Microsoft's search engine is about to tie its search results to the Facebook social graph in a move that will come as a blow to Google and its +1 initiative. Where Bing will be able to take existing "likes" from friends and integrate them into search, Google +1 has to be added from within search results before someone even clicks on a page. Google's biggest rivals are teaming up to try and make the Mountain View giant irrelevant in the future of social search.
The news was originally reported by Ad Age last week. Microsoft posted it as a blog post in its press center earlier today but the blog post had been pulled for unknown reasons. It is reported to be going live tomorrow, May 17. Bing put the blog post back up Monday afternoon with fuller details.
The most exciting news to come out of the release is that there will be a new Bing Bar with a "universal like button," the first of its kind. Users will now be able to like any page on the Web from anywhere, regardless if that site has a like button installed or not.
Bing search results will now show "liked results, answers and sites" by showing contents that friends have liked. It will also show personalized results by surfacing content that friends have liked from "deep within" search results to the top page. Around 33% of users click on the top link of search results with click-through results dropping precipitously going down the page and to subsequent pages. So, if your friend liked something that was buried on page 89 of the search results, Bing will in theory bring it to the front page.
Crowd Sourcing Search
Outside of friends, Bing is looking towards crowd sourcing the decision engine by using the aggregate of likes on the Internet and bringing them to forefront. Bing also apparently will have the ability to crawl Facebook Pages for what brands and companies are posting online.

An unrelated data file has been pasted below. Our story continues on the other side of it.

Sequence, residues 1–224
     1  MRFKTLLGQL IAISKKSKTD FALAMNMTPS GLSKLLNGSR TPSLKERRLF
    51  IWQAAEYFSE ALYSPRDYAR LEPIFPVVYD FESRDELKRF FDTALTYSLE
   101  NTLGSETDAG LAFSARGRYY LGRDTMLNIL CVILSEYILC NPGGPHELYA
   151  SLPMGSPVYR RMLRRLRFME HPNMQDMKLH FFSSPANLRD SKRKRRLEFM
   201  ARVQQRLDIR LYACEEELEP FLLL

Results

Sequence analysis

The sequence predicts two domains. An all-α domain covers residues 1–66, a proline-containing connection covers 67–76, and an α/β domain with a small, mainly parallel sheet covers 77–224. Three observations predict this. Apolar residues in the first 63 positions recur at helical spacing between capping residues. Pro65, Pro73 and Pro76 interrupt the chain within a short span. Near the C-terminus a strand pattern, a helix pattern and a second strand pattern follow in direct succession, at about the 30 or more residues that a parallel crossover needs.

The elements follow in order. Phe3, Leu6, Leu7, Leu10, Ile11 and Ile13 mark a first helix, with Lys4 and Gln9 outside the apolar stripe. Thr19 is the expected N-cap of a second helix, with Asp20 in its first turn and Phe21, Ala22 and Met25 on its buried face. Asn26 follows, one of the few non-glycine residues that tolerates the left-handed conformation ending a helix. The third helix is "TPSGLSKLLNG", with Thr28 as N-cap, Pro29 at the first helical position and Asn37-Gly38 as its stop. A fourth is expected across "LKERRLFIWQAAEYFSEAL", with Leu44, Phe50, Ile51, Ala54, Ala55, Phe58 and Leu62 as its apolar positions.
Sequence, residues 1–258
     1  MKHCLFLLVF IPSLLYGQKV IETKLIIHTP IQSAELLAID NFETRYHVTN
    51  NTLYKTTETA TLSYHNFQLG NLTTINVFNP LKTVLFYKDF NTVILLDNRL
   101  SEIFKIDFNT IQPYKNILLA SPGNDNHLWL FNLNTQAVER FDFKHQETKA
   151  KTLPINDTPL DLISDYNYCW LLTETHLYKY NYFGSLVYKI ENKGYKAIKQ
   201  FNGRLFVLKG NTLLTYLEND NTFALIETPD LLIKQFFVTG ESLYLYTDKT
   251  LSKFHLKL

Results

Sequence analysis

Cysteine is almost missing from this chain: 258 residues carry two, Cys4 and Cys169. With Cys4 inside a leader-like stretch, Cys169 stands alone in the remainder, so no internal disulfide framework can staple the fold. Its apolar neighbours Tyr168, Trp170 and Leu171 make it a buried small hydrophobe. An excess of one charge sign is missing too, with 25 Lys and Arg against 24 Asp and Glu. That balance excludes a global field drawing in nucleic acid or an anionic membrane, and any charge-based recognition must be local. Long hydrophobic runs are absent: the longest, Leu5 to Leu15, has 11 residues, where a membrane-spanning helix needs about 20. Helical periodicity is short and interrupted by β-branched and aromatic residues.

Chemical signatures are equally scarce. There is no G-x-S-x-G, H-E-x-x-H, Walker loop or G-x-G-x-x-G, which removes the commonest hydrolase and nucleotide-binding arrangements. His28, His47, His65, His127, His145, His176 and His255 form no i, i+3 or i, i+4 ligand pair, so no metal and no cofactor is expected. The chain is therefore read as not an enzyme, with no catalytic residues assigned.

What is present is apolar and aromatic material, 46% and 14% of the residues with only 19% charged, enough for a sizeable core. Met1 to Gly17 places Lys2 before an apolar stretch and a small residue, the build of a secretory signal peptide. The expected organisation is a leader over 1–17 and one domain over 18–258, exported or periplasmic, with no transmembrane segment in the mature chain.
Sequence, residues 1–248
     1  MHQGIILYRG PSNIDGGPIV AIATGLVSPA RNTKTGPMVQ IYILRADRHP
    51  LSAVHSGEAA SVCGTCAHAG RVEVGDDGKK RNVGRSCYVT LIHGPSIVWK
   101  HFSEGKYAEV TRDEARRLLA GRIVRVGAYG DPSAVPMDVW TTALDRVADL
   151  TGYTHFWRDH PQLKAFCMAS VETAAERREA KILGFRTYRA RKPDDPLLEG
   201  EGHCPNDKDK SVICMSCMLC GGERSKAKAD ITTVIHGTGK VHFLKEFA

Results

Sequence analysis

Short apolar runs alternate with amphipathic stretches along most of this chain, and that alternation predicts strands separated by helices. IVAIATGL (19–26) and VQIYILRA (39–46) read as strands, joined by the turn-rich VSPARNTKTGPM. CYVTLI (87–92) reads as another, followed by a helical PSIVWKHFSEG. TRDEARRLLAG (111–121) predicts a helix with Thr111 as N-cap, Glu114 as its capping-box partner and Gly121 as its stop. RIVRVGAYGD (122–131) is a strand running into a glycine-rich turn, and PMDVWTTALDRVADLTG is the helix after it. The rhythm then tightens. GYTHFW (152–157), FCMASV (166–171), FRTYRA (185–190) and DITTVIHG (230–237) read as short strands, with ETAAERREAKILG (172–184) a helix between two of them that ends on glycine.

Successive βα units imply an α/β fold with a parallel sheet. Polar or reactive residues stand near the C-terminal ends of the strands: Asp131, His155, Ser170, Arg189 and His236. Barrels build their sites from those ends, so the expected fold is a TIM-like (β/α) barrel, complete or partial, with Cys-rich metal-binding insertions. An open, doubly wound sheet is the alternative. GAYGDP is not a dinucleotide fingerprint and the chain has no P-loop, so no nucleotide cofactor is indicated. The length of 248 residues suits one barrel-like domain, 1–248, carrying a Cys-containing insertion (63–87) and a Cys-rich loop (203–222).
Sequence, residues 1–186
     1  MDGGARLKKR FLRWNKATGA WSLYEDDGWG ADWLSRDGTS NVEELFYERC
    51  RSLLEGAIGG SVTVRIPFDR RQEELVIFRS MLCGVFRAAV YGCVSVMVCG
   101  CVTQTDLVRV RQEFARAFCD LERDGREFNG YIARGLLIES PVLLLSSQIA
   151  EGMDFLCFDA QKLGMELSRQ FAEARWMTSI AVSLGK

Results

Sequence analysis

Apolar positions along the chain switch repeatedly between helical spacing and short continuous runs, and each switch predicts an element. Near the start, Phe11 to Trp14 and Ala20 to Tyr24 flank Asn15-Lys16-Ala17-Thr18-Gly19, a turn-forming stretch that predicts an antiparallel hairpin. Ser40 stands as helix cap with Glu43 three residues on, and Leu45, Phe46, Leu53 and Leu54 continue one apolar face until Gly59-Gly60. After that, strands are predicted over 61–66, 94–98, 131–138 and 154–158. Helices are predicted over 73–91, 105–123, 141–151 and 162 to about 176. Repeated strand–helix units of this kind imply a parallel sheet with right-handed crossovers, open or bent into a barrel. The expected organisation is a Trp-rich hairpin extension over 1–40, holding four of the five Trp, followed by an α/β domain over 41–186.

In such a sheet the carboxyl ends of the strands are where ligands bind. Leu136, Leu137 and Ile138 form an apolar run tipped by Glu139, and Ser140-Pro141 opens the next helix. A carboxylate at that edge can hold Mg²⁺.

It is not just pages though, Bing can crawl profiles too. According to the pulled blog post; "Now when people search for a specific person, Bing provides a more in-depth bio snapshot, such as location, education and employment details, to help them find the person they're looking for more quickly."
Google cannot do this because Facebook does not allow it. But, Microsoft has always had a good relationship with Facebook CEO Mark Zuckerberg and were one of the early investors in the social platform, so Bing gets to integrate Facebook basically as much as it wants. A lot of people have come to count on the fact that Google cannot crawl Facebook for privacy reasons so with Bings basically unfiltered access, it might be time to revisit those privacy settings within Facebook.
Other features include "shared shopping lists" and flight planners that help friends share ticketing information to look for the best deal. It will also help you find friends in different cities when you are traveling with a function called "friends who live here."